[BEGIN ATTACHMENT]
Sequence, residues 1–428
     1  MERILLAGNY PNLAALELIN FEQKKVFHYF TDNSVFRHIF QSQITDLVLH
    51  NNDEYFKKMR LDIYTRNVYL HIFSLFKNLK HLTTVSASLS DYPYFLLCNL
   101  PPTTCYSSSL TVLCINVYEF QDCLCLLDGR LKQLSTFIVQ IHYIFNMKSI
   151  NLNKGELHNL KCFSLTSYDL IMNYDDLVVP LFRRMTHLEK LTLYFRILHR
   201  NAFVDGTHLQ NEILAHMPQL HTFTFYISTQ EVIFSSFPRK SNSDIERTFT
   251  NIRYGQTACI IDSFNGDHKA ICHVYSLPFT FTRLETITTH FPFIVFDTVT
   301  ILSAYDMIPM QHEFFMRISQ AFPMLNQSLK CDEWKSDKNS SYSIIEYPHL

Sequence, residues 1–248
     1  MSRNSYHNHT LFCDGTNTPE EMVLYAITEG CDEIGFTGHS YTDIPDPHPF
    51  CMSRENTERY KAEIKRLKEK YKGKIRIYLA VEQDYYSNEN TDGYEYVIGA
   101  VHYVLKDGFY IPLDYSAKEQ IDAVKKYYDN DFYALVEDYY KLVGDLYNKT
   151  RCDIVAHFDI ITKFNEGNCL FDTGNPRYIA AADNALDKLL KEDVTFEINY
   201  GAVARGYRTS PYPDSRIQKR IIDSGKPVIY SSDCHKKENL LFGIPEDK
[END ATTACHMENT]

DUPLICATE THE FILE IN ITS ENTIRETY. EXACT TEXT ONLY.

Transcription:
Sequence, residues 1–428
     1  MERILLAGNY PNLAALELIN FEQKKVFHYF TDNSVFRHIF QSQITDLVLH
    51  NNDEYFKKMR LDIYTRNVYL HIFSLFKNLK HLTTVSASLS DYPYFLLCNL
   101  PPTTCYSSSL TVLCINVYEF QDCLCLLDGR LKQLSTFIVQ IHYIFNMKSI
   151  NLNKGELHNL KCFSLTSYDL IMNYDDLVVP LFRRMTHLEK LTLYFRILHR
   201  NAFVDGTHLQ NEILAHMPQL HTFTFYISTQ EVIFSSFPRK SNSDIERTFT
   251  NIRYGQTACI IDSFNGDHKA ICHVYSLPFT FTRLETITTH FPFIVFDTVT
   301  ILSAYDMIPM QHEFFMRISQ AFPMLNQSLK CDEWKSDKNS SYSIIEYPHL

Sequence, residues 1–248
     1  MSRNSYHNHT LFCDGTNTPE EMVLYAITEG CDEIGFTGHS YTDIPDPHPF
    51  CMSRENTERY KAEIKRLKEK YKGKIRIYLA VEQDYYSNEN TDGYEYVIGA
   101  VHYVLKDGFY IPLDYSAKEQ IDAVKKYYDN DFYALVEDYY KLVGDLYNKT
   151  RCDIVAHFDI ITKFNEGNCL FDTGNPRYIA AADNALDKLL KEDVTFEINY
   201  GAVARGYRTS PYPDSRIQKR IIDSGKPVIY SSDCHKKENL LFGIPEDK